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So I mayyyy have had to pay off a couple of Bosnian police officers.
To be honest, I wasn’t even surprised when it finally happened. And, spoiler alert: I totally wear it as a badge of honour now. Welcome to driving in Bosnia, people.
I’ll get to all my tips for driving through Bosnia in a hot minute, but first I think you’re probably wondering how this little blonde Canadian found herself bribing police in the Balkans. So here’s the deal…
I was driving a rental car near Mostar (with Croatian plates–not sure if that played a factor) and stopped at a stop sign before making a right-hand turn onto the highway. Here in North America that’s totally a thing, but about 10 seconds after I did that I glanced up and saw lights flashing in my rearview mirror. Son of a B. So I pulled over, and one of the policemen got out of the car and asked for my information. I handed over my passport first, which is kind of like playing a trump card because HELLO CANADIANS ARE AWESOME AND EVERYONE KNOWS WE ARE POLITE AND NICE AND WANT NOTHING MORE THAN TO EAT POUTINE.
Sure enough I could tell the guy was immediately a fan, mostly by the way he exclaimed “Canada!” and started humming as he wandered away with my travel docs. So far, so good.
Since I’d read some travel blogs about what it’s like to drive in Bosnia before I’d arrived (like you are right now, you smarty pants), I had an inkling this unexpected stop was less about an alleged traffic violation, and more about trying to shake a few euros out of an uniformed tourist. My suspicions were confirmed when they waved at me to come over to their car (what the heck, I have to come to you now?), and explained in broken English that turning on a red light was not allowed. Legit I have no idea if it is or not and maybe that’s the case, so I apologized and pulled the whole “where I’m from that’s not a thing and I totally didn’t realize…” spiel. Unfortunately my Canadianisms weren’t quite enough, because Cop #1 pulled out a notepad and said that the ticket was 120 euros and could be paid at a post office or bank. BUT if I just paid him in cash right now…60 euros.
And that’s when I knew I was totally going to win this one.
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I started bartering, telling them I didn’t have that much money on me, but I think I had 30 euros in the car…would that work? The dynamic duo ‘considered’ it for quite a while, and eventually grudgingly nodded. So I went back to the car, reassured my freaked-out mom in the passenger seat that everything was fine and I actually found this whole situation highly entertaining, and asked her for 20 bucks. Yes, 20.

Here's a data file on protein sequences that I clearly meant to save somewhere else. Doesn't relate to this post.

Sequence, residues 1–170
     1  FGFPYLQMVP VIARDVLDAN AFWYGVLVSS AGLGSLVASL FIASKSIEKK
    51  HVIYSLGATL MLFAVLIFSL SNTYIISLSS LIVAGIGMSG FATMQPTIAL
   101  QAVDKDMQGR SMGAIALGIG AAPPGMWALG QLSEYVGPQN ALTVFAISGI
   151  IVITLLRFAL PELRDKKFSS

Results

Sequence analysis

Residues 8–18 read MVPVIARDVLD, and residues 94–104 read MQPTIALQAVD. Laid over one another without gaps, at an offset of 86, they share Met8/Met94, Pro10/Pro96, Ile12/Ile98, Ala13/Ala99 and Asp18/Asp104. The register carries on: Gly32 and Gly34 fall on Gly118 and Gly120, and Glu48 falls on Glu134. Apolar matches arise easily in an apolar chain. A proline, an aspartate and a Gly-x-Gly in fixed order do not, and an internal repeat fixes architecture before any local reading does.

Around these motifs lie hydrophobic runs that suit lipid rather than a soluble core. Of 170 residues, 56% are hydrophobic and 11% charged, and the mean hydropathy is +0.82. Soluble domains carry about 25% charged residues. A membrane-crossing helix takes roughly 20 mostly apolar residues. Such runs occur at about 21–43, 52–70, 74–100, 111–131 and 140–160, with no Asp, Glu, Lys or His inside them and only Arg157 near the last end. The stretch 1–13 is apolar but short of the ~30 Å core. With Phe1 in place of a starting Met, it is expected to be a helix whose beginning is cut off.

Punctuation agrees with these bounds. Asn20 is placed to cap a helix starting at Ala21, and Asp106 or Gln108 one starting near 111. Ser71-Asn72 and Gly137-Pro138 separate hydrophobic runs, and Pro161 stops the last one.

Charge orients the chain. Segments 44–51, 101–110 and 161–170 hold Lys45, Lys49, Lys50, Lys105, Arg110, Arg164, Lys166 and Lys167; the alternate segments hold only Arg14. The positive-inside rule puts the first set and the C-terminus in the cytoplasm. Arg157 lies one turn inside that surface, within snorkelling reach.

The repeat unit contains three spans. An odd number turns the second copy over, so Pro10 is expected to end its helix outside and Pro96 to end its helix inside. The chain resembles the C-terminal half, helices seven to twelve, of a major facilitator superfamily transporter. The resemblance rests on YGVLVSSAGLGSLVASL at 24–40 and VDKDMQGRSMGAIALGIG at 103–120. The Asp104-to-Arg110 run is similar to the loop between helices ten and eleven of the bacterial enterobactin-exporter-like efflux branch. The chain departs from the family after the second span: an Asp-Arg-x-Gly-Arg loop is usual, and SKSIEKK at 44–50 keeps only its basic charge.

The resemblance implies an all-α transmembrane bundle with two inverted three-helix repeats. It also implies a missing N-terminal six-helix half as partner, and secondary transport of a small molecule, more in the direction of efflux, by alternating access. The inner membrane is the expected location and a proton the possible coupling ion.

I went back to the police car (seriously why was I the one having to run back and forth?!) and with big puppy eyes explained that a 20 euro note and 1 euro coin was all I could find since we didn’t bring much cash with us on our day trip. Would they accept it?
Of course they were all like “no, 30 euros!” and pointed to the chicken scratch Cop #1 had carved into what was basically a Post-It note, but I emphasized that was all the cash I had, and if they wouldn’t accept it then I would just go pay the 120 euro fine at the bank. After an Oscar-worthy performance between the two policemen full of exaggerated sighs and ‘discussions’ about my offer (let’s be honest, they were probably actually chatting about the score in the soccer game) they took the 20 euro bill, and left me the coin. Bahahaha.
Once we’d reached our agreement, Cop #1 filled out a very official-looking receipt while Cop #2 and I chatted about which great spots around Mostar I planned on seeing that day, and how bloody cold it is in Canada and why do I even live there. Seriously, it doesn’t matter where you are in the world, all anyone ever wants to talk about is the weather and why Canadians are crazy enough to build homes in a place where there are polar bears.
Anyhoo, once I got my ‘receipt’ we shared smiles, wished each other a nice day, and drove off. As one does, after paying off police in a developing country. So, based on my little Balkans adventure, here are five tips I have to share for anyone planning on doing a Bosnia road trip.
1) Obey the Signs
OK so this is pretty obvs. Don’t do anything wrong in the first place, and hopefully you won’t get pulled over. I drove across the entire country, and there were police EVERYWHERE so it’s best to just obey the speed limit and traffic laws no matter where you are to avoid any potential issues.
2) Carry small bills
Having small bills on hand was key to weasaling my way out of a hefty fine. We all know what would’ve happened if I’d talked my way down to a 30 euro ticket, then only had a 50 euro bill to present. No bueno. So, only keep a little bit of cash in your wallet in case you need to physically show the police that you don’t ‘have any more’, and hide the big boys.
3) Bring proper documentation